What is it?
The fingers have many small joints that help us perform a variety of fine movements. Movement is possible because of cartilage that lines the joints and provides a gliding surface. When the cartilage becomes worn or damaged, the joint stops functioning normally and can become painful and stiff. Early symptoms of small joint arthritis include a dull or “toothache” type pain. The pain can occur after periods of increased use and may show up hours later or even the following day. In some cases, the pain and stiffness are worse at the beginning of the day.
What causes it?
Small joint arthritis is a result of thinning of the cartilage in the finger joints. This results in joints that can be stiff, swollen, and/or painful. The onset of painful arthritic inflammation can be related to trauma (fractures or dislocations of the fingers), osteoarthritis, rheumatoid arthritis, gout, or other inflammatory conditions. Over time, the bones can lose their normal shape and cause more pain and further limitation of motion. At times, the joint themselves become enlarged due to the chronic inflammation.
How is it diagnosed?
The diagnosis is determined by the patient’s symptoms, a careful physical exam and x-rays. Finger stiffness and swelling may be present, and pain may be reproduced with manipulation of the fingers. There may be deformity, such as crooked fingers and enlargement of the joints. It is important to rule out other conditions that may cause pain such as carpal tunnel or tendonitis.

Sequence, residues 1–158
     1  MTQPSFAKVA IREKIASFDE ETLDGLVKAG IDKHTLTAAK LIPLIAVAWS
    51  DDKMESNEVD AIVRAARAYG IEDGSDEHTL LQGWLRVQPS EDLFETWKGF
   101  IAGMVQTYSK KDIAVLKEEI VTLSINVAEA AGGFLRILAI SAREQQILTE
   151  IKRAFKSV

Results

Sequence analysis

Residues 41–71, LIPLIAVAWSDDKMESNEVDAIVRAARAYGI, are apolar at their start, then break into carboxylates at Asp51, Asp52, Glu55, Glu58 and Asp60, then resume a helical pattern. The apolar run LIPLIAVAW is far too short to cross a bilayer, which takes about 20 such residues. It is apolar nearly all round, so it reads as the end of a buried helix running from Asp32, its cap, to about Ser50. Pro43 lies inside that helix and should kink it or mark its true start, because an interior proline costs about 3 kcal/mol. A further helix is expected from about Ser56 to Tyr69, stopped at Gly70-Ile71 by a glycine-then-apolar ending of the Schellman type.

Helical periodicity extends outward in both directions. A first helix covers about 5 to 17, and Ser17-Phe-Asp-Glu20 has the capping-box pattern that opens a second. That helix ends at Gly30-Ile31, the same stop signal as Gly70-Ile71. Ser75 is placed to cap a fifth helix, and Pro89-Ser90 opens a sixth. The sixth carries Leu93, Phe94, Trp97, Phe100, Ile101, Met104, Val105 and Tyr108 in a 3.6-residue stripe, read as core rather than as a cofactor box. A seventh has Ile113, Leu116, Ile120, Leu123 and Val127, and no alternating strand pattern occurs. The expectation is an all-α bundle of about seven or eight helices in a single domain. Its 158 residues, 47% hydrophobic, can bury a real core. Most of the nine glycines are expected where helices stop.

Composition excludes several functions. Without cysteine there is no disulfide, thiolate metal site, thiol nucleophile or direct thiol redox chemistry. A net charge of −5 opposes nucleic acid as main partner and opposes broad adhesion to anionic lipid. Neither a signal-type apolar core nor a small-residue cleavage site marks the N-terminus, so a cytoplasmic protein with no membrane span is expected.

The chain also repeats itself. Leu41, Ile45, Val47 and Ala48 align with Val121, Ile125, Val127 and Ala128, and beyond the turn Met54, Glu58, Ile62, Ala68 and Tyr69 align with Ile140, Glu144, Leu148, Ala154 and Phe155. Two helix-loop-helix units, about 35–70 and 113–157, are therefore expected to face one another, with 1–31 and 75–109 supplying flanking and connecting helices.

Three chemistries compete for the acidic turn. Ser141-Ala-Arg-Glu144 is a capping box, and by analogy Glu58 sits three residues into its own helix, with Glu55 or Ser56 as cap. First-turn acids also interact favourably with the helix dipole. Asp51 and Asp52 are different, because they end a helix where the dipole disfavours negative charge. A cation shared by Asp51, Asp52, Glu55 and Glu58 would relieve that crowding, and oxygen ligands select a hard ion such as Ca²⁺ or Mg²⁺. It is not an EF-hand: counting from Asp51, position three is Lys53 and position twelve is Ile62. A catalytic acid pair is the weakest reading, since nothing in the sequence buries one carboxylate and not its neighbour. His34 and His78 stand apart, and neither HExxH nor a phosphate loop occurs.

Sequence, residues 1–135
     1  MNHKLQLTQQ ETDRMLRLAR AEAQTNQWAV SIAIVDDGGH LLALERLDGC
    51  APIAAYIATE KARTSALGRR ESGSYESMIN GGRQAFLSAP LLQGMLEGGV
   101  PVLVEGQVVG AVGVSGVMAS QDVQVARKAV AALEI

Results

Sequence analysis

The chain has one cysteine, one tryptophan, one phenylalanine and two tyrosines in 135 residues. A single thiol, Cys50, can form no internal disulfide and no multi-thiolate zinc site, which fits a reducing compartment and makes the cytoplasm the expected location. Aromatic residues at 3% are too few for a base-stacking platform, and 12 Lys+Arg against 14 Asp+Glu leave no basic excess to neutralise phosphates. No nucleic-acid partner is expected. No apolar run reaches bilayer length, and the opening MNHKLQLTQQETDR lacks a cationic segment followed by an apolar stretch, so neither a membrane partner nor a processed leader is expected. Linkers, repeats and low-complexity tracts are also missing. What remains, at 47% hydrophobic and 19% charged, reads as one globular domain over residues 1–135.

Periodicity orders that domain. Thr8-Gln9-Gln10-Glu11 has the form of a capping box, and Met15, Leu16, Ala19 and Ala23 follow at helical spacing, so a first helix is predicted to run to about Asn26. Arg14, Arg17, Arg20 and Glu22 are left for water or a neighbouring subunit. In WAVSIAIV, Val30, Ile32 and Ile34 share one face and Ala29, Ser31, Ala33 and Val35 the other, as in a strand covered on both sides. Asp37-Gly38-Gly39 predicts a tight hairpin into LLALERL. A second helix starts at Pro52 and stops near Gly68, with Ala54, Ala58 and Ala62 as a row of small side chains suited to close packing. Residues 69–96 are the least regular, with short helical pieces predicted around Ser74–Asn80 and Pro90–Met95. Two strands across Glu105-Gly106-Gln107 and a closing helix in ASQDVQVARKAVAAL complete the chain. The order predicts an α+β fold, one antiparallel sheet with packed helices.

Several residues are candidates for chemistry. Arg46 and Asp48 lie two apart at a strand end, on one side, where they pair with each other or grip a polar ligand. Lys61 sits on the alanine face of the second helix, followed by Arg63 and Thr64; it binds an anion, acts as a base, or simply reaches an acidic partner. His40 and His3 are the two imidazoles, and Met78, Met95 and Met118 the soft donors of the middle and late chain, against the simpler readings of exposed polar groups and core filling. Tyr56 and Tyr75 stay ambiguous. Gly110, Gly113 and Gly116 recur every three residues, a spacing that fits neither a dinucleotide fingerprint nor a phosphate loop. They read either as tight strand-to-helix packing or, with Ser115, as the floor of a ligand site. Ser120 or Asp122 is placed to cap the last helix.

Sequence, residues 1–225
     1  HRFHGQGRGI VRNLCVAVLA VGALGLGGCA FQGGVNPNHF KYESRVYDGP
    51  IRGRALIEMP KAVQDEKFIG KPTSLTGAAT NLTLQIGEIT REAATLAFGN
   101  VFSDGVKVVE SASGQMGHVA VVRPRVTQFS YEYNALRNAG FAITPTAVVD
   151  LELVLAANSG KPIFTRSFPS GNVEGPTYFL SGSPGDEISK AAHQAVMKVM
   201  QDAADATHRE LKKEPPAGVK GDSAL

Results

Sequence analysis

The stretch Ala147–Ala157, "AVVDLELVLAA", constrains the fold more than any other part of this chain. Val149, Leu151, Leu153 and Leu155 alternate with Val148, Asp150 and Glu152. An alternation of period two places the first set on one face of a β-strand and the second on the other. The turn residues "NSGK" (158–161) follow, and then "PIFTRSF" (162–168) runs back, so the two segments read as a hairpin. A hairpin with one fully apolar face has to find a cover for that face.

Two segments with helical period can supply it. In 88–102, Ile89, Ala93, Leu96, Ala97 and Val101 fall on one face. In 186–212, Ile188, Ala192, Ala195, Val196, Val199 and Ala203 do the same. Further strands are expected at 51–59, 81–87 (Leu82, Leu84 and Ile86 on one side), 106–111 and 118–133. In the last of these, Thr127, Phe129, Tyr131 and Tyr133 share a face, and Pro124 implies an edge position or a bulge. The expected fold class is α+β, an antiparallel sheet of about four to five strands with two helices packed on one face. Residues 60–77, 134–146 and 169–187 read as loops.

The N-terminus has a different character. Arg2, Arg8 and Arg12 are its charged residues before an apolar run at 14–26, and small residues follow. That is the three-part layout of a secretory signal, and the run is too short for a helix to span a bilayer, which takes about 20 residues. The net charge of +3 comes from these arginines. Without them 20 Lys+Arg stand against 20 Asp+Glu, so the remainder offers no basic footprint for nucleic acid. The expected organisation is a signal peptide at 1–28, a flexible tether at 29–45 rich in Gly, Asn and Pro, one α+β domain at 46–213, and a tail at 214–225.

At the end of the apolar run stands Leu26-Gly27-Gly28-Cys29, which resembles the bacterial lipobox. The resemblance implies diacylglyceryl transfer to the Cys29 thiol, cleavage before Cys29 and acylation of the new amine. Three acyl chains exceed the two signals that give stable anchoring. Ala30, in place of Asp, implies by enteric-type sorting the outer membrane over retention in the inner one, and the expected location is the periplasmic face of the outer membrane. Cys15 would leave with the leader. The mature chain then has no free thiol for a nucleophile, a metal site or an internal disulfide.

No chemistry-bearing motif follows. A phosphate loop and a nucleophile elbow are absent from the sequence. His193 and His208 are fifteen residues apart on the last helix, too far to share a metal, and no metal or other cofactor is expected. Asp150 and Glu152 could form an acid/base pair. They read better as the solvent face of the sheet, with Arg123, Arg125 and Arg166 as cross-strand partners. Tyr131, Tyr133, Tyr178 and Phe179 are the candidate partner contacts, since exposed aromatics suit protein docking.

What are the treatments?
Treatment options for small joint arthritis of the hand include medications (including alternative medicines like glucosamine), splinting, injections, and surgery. Arthritis without significant pain may not require any treatment as no treatment is able to slow or reverse arthritis. The majority of patients with symptoms are treated without surgery. A single steroid injection can provide pain relief for months or longer. The injections can be repeated, but should demonstrate long-term effectiveness. Surgery is reserved for patients whose non-surgical treatment is unsuccessful. Patients that require surgery often have severe pain; deformity without pain is not usually an indication for surgery. Surgical options include joint replacements or “freezing” the joint, also known as fusion. Most patients can return to light hand use and even work shortly after surgery. The treatment option chosen should be tailored to the patient’s individual needs.